#5
Chang-Hui Tsao, Chien-Chun Chen, Chen-Han Lin, Hao-Yu Yang, Suewei Lin
The fruit fly can evaluate its energy state and decide whether to pursue food-related cues. Here, we reveal that the mushroom body (MB) integrates hunger and satiety signals to control food-seeking behavior. We have discovered five pathways in the MB essential for hungry flies to locate and approach food. Blocking the MB-intrinsic Kenyon cells (KCs) and the MB output neurons (MBONs) in these pathways impairs food-seeking behavior. Starvation bi-directionally modulates MBON responses to a food odor, suggesting that hunger and satiety controls occur at the KC-to-MBON synapses...
March 16, 2018: ELife
https://www.readbyqxmd.com/read/29428908/molecular-cloning-and-expression-analysis-of-the-tyramine-br-receptor-genes-in-apis-cerana-cerana
#6
Li-Zhen Zhang, Yong Zhang, Jing-Hua Hu, Zi-Long Wang, Zhi-Jiang Zeng
Tyramine is a biological polyamine, which serves important functions as neurotransmitters, neuromodulators and neurohormone of the central nervous system. It participates in the regulation of various behavior and physiological processes in insects. For example, tyramine and its receptor genes are involved in the regulation of learning and memory in the animals. In this study, the full-length cDNA sequences of the tyramine receptor genes (Actyr1 and Actyr2) of the Chinese honeybee, Apis cerana cerana, were cloned and sequenced for the first time...
February 20, 2018: Yi Chuan, Hereditas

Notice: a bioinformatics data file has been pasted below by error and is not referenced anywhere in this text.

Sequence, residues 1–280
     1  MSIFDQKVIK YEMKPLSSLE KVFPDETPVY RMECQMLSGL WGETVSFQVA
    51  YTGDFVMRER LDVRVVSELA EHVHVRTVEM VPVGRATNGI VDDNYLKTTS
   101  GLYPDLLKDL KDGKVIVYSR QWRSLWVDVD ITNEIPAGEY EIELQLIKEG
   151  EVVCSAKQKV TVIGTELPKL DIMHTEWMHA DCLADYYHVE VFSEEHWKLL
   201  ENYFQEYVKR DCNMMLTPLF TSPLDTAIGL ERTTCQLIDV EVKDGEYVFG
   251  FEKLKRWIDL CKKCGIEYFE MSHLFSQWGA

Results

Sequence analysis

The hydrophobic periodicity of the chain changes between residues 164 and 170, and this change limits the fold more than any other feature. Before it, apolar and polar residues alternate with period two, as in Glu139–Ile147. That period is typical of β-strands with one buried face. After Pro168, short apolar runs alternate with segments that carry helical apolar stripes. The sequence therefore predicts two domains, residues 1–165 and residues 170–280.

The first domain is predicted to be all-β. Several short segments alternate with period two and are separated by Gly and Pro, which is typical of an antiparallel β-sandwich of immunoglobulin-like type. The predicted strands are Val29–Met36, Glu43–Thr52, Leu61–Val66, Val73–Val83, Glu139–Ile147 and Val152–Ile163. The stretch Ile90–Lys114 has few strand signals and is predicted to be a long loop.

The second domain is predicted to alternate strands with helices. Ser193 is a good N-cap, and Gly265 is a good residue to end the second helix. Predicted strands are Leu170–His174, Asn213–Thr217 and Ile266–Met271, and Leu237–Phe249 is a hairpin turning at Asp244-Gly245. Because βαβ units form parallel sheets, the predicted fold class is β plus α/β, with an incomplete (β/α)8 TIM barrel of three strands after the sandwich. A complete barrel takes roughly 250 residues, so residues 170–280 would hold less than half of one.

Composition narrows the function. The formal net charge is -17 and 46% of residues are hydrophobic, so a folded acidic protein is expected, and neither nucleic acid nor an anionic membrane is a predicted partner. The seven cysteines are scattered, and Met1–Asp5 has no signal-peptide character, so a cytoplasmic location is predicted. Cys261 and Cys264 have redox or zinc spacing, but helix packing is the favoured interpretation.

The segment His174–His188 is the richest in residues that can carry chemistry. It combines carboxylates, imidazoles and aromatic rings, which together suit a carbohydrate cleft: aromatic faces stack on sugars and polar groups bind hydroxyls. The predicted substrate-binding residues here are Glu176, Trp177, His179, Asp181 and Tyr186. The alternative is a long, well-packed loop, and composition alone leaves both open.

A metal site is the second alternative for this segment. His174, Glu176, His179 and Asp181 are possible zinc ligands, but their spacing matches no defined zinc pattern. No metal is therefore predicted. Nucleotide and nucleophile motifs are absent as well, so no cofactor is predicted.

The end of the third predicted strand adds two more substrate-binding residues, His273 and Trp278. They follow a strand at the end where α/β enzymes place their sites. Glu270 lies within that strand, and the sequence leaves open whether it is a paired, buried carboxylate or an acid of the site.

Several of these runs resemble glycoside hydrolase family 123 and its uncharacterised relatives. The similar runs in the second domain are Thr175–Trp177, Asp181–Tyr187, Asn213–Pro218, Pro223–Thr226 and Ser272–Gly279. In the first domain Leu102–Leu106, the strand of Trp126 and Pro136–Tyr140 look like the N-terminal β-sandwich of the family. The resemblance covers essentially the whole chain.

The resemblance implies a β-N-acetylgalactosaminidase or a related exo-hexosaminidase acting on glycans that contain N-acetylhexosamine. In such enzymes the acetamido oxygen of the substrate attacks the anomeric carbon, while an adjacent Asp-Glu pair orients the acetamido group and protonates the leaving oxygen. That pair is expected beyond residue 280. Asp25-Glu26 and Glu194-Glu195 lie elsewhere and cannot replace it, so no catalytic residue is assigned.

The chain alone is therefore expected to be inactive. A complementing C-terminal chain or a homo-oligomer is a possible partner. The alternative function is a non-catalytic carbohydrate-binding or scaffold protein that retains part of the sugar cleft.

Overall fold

https://www.readbyqxmd.com/read/29351552/in-situ-recording-of-ionic-currents-in-projection-neurons-and-kenyon-cells-in-the-olfactory-pathway-of-the-honeybee
#7
Jan Kropf, Wolfgang Rössler
The honeybee olfactory pathway comprises an intriguing pattern of convergence and divergence: ~60.000 olfactory sensory neurons (OSN) convey olfactory information on ~900 projection neurons (PN) in the antennal lobe (AL). To transmit this information reliably, PNs employ relatively high spiking frequencies with complex patterns. PNs project via a dual olfactory pathway to the mushroom bodies (MB). This pathway comprises the medial (m-ALT) and the lateral antennal lobe tract (l-ALT). PNs from both tracts transmit information from a wide range of similar odors, but with distinct differences in coding properties...
2018: PloS One
https://www.readbyqxmd.com/read/29127660/exposure-to-a-sublethal-concentration-of-imidacloprid-and-the-side-effects-on-target-and-nontarget-organs-of-apis-mellifera-hymenoptera-apidae
#8
Aline Fernanda Catae, Thaisa Cristina Roat, Marcel Pratavieira, Anally Ribeiro da Silva Menegasso, Mario Sergio Palma, Osmar Malaspina
The use of insecticides has become increasingly frequent, and studies indicate that these compounds are involved in the intoxication of bees. Imidacloprid is a widely used neonicotinoid; thus, we have highlighted the importance of assessing its oral toxicity to Africanized bees and used transmission electron microscopy to investigate the sublethal effects in the brain, the target organ, and the midgut, responsible for the digestion/absorption of food. In addition, the distribution of proteins involved in important biological processes in the brain were evaluated on the 1st day of exposure by MALDI-imaging analysis...
March 2018: Ecotoxicology
https://www.readbyqxmd.com/read/29082071/rapid-adaptive-remote-focusing-microscope-for-sensing-of-volumetric-neural-activity
#9
Mantas Žurauskas, Oliver Barnstedt, Maria Frade-Rodriguez, Scott Waddell, Martin J Booth